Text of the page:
UK impact investment worth £5bn as ‘non-bank’ lending soars, reports Big Society Capital

Impact investing in the UK has achieved a six-fold increase in the past eight years, with non-bank lending and social property funds playing a leading role.

Figures released by Big Society Capital (BSC) today show an increase from £830m in 2011 to £5.1bn in 2019, with a 20% increase since 2018.

The UK’s impact investment wholesaler reports that most of the growth has come from alternatives to traditional bank lending, which have scaled 20-fold from £169m in 2011 to £3,388m in 2019.

“This diversity in the social impact investment market has enabled different types of investor to enter the market and increased the availability of finance options for social enterprises and charities,” BSC said.

Most recently, between 2018 and 2019, there was a little over 20% increase in the value of social impact investments in the UK, to £5.1bn. The number of transactions made increased by 18% year on year to more than 5,000 in 2019, with investment coming from a broad range of institutions, including venture capital funds, social banks, social property funds, charity bonds and specialist lenders.

This diversity has enabled different types of investor to enter the market and increased the availability of finance options

UK impact investment property portion now 42%

Social property funds, which did not exist eight years ago, now account for the largest segment of the market: at 42% of the £5.1bn outstanding social investments at the end of 2019. Social property funds use investors’ capital to create positive social impact, for example, by providing specialist, supported housing for people with learning disabilities.

Ben Rick, managing director of Social and Sustainable Capital, which launched its Social and Sustainable Housing (SASH) fund in 2019, commented: “Supported housing in the UK is an area where social investment can help increase and improve housing stock through impactful, risk-sharing financing for the third sector.”

He said the launch of the SASH fund was “a direct response to the appetite within the third sector to have greater control over local supported housing supply” and that SASH was growing “a new generation of social landlords by scaling up support for charities and their transitional supported housing provision”.

Supported housing is an area where social investment can help increase and improve housing stock through impactful, risk-sharing financing for the third sector

Secured bank debt at 34%

Next to property funds, the second largest segment of the UK impact investing market is secured bank lending, at 34%. This has grown from £664m in 2011 to £1.7bn in 2019.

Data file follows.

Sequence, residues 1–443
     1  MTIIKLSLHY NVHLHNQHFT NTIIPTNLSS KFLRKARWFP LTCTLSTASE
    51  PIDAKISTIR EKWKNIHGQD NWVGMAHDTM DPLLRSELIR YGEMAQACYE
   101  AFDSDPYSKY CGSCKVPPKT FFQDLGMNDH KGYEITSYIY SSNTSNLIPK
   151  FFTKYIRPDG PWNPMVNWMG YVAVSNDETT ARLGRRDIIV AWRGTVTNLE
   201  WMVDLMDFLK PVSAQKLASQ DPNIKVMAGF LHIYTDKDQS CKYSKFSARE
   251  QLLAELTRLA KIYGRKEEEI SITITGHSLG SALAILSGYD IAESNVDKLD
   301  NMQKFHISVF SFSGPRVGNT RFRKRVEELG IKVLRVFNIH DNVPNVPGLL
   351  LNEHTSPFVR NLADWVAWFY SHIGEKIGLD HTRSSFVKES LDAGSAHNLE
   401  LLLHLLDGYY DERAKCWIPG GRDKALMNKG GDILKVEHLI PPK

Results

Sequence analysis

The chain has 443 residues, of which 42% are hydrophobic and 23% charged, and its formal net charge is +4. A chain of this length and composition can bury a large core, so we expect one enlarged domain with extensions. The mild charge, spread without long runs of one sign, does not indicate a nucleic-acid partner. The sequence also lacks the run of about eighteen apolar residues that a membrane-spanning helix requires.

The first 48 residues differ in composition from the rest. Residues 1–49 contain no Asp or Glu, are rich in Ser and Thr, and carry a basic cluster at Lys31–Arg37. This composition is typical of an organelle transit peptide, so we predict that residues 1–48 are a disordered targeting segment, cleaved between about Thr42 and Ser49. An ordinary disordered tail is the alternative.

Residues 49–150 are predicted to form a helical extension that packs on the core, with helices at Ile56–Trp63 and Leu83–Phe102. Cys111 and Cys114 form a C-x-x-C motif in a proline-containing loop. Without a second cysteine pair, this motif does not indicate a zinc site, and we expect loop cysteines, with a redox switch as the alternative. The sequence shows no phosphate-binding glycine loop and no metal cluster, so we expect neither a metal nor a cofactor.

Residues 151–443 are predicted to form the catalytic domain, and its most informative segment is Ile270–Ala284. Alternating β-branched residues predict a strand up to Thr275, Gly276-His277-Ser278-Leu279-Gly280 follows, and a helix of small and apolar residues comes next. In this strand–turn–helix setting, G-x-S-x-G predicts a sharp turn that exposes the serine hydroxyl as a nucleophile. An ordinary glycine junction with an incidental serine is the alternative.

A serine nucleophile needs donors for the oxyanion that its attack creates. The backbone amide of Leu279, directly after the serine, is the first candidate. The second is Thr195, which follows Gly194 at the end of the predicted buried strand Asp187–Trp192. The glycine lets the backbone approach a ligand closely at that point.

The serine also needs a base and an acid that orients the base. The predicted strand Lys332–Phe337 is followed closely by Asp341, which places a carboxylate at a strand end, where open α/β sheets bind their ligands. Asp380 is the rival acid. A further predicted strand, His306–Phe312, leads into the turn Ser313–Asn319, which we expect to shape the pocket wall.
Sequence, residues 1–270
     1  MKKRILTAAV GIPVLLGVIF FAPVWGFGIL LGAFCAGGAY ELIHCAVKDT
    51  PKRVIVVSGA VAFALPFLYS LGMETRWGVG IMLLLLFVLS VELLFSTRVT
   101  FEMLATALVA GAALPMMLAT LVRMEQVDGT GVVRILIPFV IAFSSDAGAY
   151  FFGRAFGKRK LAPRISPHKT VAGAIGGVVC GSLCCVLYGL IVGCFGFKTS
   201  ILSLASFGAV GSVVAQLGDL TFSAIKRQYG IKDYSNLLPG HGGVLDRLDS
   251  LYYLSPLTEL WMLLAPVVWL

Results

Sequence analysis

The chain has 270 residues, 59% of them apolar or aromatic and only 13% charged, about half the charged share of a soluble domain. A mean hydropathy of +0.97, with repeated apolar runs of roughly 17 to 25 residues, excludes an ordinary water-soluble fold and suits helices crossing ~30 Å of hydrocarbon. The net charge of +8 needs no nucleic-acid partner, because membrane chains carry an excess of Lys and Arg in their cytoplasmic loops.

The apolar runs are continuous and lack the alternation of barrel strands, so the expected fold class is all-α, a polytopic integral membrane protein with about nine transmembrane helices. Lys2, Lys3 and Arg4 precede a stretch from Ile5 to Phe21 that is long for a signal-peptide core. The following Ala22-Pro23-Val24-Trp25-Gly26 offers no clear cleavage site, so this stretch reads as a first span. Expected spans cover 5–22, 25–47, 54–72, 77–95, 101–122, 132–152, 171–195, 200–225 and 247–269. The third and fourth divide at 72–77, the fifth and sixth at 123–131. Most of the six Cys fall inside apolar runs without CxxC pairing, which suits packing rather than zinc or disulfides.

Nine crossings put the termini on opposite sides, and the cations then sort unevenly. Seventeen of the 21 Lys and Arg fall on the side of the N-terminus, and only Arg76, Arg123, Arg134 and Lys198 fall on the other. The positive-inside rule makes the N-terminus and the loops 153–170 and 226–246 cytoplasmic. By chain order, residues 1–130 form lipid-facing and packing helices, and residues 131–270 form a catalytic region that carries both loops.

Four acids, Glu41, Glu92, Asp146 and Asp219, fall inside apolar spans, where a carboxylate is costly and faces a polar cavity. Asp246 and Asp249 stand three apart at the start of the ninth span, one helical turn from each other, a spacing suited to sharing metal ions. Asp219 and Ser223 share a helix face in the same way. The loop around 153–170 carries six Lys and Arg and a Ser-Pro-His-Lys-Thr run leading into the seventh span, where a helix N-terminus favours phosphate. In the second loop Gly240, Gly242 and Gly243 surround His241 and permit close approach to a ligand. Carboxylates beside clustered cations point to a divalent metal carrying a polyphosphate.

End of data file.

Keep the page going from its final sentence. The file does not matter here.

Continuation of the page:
Despite the rise in alternatives, banks remain “the source of finance still most likely to be taken on by a social enterprise or charity”, said BSC.

Another sector which has seen considerable growth – nearly 50% year on year – is ‘venture investing’, where investors provide early stage and growth capital for innovative ventures tackling social issues, such as preventing mental ill health, childhood obesity and the ageing population.

BSC market data image

Big Society Capital's market estimates show a 20% increase between 2018 and 2019 

Unsecured lending doubles

BSC also reported a doubling of the amounts of unsecured non-bank lending since 2011, with over 1,600 investments now outstanding, valued at £327m, including blended finance (usually a mix of grants and loans). “Not all charities and social enterprises have assets against which a loan can be secured,” BSC said.

It added that, during 2020, many social enterprises and charities faced “a perfect storm of rising demand for their services and falling income due to the pandemic”. For some who had been adversely affected by Covid-19, social lending had “the potential to be a lifeline during these challenging times and demand is likely to continue”.



Although the impact investment market continued to expand across a wider range of product types, with larger value deals, there was still demand for the lower value deals. BSC said this was demonstrated by the volume committed through the England-focused Growth Fund during 2019 – just under 20% of the total deal flow across the market.

The Growth Fund, which is managed by the Access foundation with funding from both BSC and the National Lottery Community Fund, was set up to enable charities and social enterprises to access repayable finance of up to £150,000.

Seb Elsworth, CEO of Access, said: “The Growth Fund continues to be a cornerstone of social investment in England, with around one in six of all deals in 2019 coming from the programme. Average size investments of just over £60k are meeting clear demand from the sector. These numbers show the vital role blended capital plays and the need for long-term subsidy to support it.”

Stephen Muers, interim CEO of Big Society Capital, added: “It is very pleasing to see the substantial growth in the market to the end of 2019 and the growing popularity of the different investment options available, encouraging a broader spectrum of investors into this market to create greater positive change for people across the UK.

“The impact of Covid-19 has been both social and economic and I believe will be a key driver in shifting investors’ focus from a purely financial return to one that delivers a social impact too. I expect social impact investment to play an increasingly important role as an engine of the economic recovery.”